*First reports are that for the second time in two tries, the Bangladesh experiment with Bt brinjal (eggplant) is an agronomic failure and economic disaster for many of the participating farmers. The initial reports are that many plants died prematurely, others that had seemed to be growing well suddenly died of disease or of unknown causes, while plants which produced fruit often yielded poorly. Just as in 2014, there are some reports of plants which failed to resist the target pest, the fruit-and-shoot borer. The director of the Bangladesh Agricultural Research Institute (BARI) shrugged off most of the disaster, quipping “we never said the plants wouldn’t be vulnerable to disease”. BARI has been running the breeding program and the limited commercial experiments. The initial technical development was done by Monsanto-Mahyco, and most funding came from the US public via USAID. So this worthless project, which gravely threatens the genetic basis of the world’s center for brinjal biodiversity, and which can benefit no one but Monsanto, is being paid for by American taxpayers.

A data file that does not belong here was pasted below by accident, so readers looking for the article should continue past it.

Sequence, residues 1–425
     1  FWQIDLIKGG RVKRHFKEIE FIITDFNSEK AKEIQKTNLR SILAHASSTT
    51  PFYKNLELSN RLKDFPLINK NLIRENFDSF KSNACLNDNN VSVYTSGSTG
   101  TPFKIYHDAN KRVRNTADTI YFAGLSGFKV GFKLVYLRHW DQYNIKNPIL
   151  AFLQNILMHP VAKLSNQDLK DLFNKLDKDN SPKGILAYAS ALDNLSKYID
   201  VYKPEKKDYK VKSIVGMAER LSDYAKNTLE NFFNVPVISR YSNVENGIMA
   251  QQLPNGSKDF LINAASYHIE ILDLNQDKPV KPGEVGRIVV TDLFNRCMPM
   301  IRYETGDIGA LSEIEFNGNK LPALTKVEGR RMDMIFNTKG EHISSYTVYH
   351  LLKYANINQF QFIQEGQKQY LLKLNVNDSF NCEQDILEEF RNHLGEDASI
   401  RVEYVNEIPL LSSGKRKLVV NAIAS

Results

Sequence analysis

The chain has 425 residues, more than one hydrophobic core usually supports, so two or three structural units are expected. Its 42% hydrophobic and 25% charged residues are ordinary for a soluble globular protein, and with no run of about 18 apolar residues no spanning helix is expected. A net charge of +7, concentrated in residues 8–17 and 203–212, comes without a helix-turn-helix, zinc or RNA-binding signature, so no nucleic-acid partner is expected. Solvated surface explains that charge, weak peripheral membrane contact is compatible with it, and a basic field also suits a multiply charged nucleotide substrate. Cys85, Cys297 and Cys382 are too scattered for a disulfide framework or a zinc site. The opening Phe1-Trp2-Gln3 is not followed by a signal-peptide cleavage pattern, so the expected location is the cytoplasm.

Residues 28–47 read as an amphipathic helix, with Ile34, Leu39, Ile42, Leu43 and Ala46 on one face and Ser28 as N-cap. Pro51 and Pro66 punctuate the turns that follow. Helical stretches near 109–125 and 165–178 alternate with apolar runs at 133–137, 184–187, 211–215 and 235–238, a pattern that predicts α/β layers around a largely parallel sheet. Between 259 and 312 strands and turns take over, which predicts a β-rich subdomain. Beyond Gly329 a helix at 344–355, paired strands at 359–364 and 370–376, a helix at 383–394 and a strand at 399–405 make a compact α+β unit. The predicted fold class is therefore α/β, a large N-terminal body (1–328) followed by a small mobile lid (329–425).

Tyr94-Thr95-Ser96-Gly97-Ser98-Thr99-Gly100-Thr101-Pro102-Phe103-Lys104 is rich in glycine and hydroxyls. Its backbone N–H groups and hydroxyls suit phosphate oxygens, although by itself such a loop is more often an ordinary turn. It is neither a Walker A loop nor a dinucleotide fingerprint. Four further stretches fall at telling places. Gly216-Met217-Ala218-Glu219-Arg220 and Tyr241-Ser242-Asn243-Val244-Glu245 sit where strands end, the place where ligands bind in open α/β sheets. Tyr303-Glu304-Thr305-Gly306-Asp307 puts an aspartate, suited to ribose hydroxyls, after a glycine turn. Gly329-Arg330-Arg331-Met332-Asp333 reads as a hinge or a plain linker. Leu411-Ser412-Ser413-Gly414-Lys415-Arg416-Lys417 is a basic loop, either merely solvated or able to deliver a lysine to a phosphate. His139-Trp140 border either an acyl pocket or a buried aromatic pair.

*Some good news for Australian organic farmer Steve Marsh in his legal battles with a neighboring contract farmer, Michael Baxter, whose GMO canola contaminated Marsh’s farm and cost him his organic certification. Marsh is currently appealing the pro-Monsanto trial decision, where the judge essentially ruled that GMO contamination is inevitable and normative, and that if organic farming can’t move its face from where Monsanto wants to swing its fist, then it deserves to be hit. The decision included an order that Marsh pay the polluter’s legal bills. But the appeals court has ruled that Baxter must disclose to the court how much legal assistance he got from trade groups and from any corporation such as Monsanto itself. This is significant since Australian law says that awards of legal expenses can cover only what a litigant spent out of his own pocket. Australian industry groups adopted Baxter as a poster child from the beginning of the original lawsuit, but never publicly disclosed how much money they or Monsanto were paying for his legal defense.